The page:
Sat, Jul 28, 2018 - Page 9 News List

Venezuelans struggle to survive as
inflation heads for 1 million percent

As a five-year crisis continues, people are unable to afford food and medicine — even as Nicolas Maduro tightens his grip on presidential power

By Joe Parkin Daniels and Maria Ramirez  /  The Guardian, BOGOTA and CIUDAD GUAYANA, Venezuela

Illustration: Lance Liu

Two years ago, shoppers in Venezuela would pay fruit sellers like Jose Pacheco with boxfuls of 100 bolivar notes — then the currency’s highest denomination. Now, thanks to rampant hyperinflation, even those are useless.

“It’s crazy to accept notes of 100, 500, or 1,000 bolivares,” said Pacheco, a wiry 61-year-old whose humble stall clings to the fringe of one of the major markets in Ciudad Guayana, a city in Venezuela’s southern Bolivar State.

He now only accepts newly minted 100,000 bolivar notes, which due to demand are hard to come by.

“Otherwise it’s a box [full of notes] that afterwards we have to take to the bank,” he said.

Inflation in the embattled South American country could reach 1 million percent by December, the IMF said this week, reflecting an economic crisis comparable to Germany’s after World War I and Zimbabwe’s at the beginning of the last decade.

Venezuela, which has the largest proven oil reserves on the planet, is in the middle of a five-year crisis that has left many of its people unable to afford food and medicine, with shelves bare in supermarkets.

Crime rates continue to set records, with local residents fearful to leave their houses at night.

Alejandro Werner, the head of the IMF’s western hemisphere department, elaborated on the grim prognosis.

“We expect the government to continue to run wide fiscal deficits financed entirely by an expansion in base money, which will continue to fuel an acceleration of inflation as money demand continues to collapse,” he wrote in a blogpost on Monday night.

For ordinary Venezuelans, everyday life has become a struggle to survive.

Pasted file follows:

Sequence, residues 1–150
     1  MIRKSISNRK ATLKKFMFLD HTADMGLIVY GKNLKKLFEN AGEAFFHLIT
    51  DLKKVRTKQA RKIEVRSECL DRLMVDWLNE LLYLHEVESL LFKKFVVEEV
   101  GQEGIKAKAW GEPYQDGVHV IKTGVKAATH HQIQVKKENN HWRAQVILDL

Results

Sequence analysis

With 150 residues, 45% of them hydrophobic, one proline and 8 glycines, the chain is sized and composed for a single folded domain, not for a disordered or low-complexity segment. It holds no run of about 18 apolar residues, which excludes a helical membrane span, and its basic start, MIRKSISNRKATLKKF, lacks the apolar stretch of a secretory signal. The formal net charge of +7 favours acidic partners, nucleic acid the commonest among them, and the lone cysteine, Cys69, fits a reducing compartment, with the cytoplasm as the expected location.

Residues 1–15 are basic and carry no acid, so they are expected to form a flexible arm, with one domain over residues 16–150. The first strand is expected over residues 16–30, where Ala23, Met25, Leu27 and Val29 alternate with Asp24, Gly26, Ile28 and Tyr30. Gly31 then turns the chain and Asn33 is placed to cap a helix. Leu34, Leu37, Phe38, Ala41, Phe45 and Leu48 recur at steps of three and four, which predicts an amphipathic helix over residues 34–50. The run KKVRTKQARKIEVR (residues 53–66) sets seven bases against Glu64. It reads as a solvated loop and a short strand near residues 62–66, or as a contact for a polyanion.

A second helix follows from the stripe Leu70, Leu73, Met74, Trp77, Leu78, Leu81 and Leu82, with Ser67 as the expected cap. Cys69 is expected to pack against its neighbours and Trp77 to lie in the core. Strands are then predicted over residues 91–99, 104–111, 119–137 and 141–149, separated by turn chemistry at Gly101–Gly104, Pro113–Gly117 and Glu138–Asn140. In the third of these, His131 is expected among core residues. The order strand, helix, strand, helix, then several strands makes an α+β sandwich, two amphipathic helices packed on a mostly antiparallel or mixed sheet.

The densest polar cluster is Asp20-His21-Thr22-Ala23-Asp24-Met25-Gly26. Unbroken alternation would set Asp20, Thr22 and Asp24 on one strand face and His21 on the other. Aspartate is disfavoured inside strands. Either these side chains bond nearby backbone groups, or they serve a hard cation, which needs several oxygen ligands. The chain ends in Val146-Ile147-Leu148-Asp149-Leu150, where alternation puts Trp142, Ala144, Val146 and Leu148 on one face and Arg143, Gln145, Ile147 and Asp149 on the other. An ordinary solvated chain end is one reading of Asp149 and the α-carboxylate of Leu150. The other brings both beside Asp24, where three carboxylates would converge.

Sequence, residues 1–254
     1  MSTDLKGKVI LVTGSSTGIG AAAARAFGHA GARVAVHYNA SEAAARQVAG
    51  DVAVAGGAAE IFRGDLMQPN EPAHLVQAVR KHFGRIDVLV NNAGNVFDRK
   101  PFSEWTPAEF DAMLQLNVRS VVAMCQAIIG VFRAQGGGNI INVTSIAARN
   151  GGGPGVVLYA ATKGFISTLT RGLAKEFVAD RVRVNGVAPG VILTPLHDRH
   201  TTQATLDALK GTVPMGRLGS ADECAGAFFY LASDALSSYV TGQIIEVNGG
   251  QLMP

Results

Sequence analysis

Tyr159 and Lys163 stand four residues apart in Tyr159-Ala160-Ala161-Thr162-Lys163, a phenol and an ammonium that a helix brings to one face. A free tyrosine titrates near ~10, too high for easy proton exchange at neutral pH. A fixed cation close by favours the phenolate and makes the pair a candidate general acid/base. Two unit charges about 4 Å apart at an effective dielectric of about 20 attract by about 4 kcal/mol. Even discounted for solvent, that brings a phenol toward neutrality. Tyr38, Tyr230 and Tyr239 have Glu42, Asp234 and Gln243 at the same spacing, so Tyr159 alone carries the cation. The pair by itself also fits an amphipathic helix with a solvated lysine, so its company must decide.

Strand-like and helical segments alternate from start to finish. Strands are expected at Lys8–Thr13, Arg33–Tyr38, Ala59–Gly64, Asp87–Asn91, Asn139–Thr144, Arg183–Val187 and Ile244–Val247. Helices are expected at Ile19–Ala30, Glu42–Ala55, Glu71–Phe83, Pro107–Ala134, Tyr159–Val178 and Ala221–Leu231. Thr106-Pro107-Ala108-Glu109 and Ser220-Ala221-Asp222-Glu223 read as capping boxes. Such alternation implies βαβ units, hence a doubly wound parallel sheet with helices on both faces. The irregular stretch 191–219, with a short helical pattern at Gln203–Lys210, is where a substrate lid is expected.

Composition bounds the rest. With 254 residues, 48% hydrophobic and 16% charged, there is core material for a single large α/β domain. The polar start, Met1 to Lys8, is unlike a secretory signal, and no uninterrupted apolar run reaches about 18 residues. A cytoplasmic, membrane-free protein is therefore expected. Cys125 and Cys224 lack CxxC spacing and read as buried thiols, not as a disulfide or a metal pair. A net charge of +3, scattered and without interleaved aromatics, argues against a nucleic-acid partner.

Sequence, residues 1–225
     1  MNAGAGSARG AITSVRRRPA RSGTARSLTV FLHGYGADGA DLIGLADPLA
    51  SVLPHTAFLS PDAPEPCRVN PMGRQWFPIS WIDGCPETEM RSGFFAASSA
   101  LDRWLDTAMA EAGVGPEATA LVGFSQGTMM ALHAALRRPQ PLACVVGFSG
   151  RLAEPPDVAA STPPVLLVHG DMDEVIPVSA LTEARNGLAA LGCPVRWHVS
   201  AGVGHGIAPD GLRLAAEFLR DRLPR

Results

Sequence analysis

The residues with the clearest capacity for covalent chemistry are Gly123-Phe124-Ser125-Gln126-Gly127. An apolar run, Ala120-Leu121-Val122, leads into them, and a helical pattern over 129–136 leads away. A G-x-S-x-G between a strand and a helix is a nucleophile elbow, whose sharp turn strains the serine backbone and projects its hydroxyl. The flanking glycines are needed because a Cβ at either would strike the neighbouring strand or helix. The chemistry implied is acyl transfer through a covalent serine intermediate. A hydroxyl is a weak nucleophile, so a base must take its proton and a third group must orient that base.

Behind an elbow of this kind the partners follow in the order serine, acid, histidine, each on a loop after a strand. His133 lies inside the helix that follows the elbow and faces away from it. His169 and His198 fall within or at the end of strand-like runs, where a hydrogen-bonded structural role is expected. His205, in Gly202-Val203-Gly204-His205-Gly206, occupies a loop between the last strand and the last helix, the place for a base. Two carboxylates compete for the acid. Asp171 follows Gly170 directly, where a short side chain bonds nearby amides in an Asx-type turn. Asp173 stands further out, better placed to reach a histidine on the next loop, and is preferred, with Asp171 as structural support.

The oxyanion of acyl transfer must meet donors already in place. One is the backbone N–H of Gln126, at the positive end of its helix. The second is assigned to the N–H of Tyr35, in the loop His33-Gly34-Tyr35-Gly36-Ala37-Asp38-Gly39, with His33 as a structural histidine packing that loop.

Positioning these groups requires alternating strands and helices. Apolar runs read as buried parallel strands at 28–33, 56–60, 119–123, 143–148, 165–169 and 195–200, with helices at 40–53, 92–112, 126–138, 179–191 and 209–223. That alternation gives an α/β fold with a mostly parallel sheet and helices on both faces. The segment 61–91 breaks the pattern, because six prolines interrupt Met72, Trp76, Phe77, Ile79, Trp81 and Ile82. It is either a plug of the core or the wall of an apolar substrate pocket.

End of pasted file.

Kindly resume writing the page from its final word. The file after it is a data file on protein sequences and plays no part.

“We are millionaires, but we are poor,” said Maigualida Oronoz, a 43-year-old nurse who earns the minimum monthly salary of 5 million bolivares — barely enough to buy a kilogram of meat to feed her children. “We can just about eat, but if some health emergency happens, we’ll die because the prices of medicines are sky-high and rise every day.”

Many blame the country’s woes on Venezuelan President Nicolas Maduro, who in turn has said that Venezuela is on the receiving end of an “economic war” waged by the US and Europe.

Despite spiraling hyperinflation, Maduro has continued to tighten his grip on the power he inherited from former Venezuelan president Hugo Chavez, the late leader whose charisma carried him through tougher times.

Maduro, who lacks his mentor’s charm, won a second six-year term in May elections, although opposition politicians and many countries have said the result was illegitimate.

Maduro has said that private bankers are smuggling cash into neighboring Colombia as part of an elaborate conspiracy to sabotage the economy, and he has rejected calls to lift currency controls.

One of Maduro’s plans to alleviate inflation is to issue new banknotes with the last three zeros lopped off, although economists have said that would do little to help.

“It’s a cosmetic solution that won’t do anything,” said Asdrubal Oliveros, director of Ecoanalitica, a Caracas-based economics consultancy. “With inflation this wild, in a few months we’ll be back in the situation.”

Unlike in 1920s Germany, people in today’s Venezuela are not carrying wheelbarrows of cash to buy groceries. Instead, they have turned to electronic transactions.

However, 40 percent of Venezuelans do not have bank accounts, while others are unwilling to use credit cards or cryptocurrencies to pay for for smaller items, so bartering has become common.

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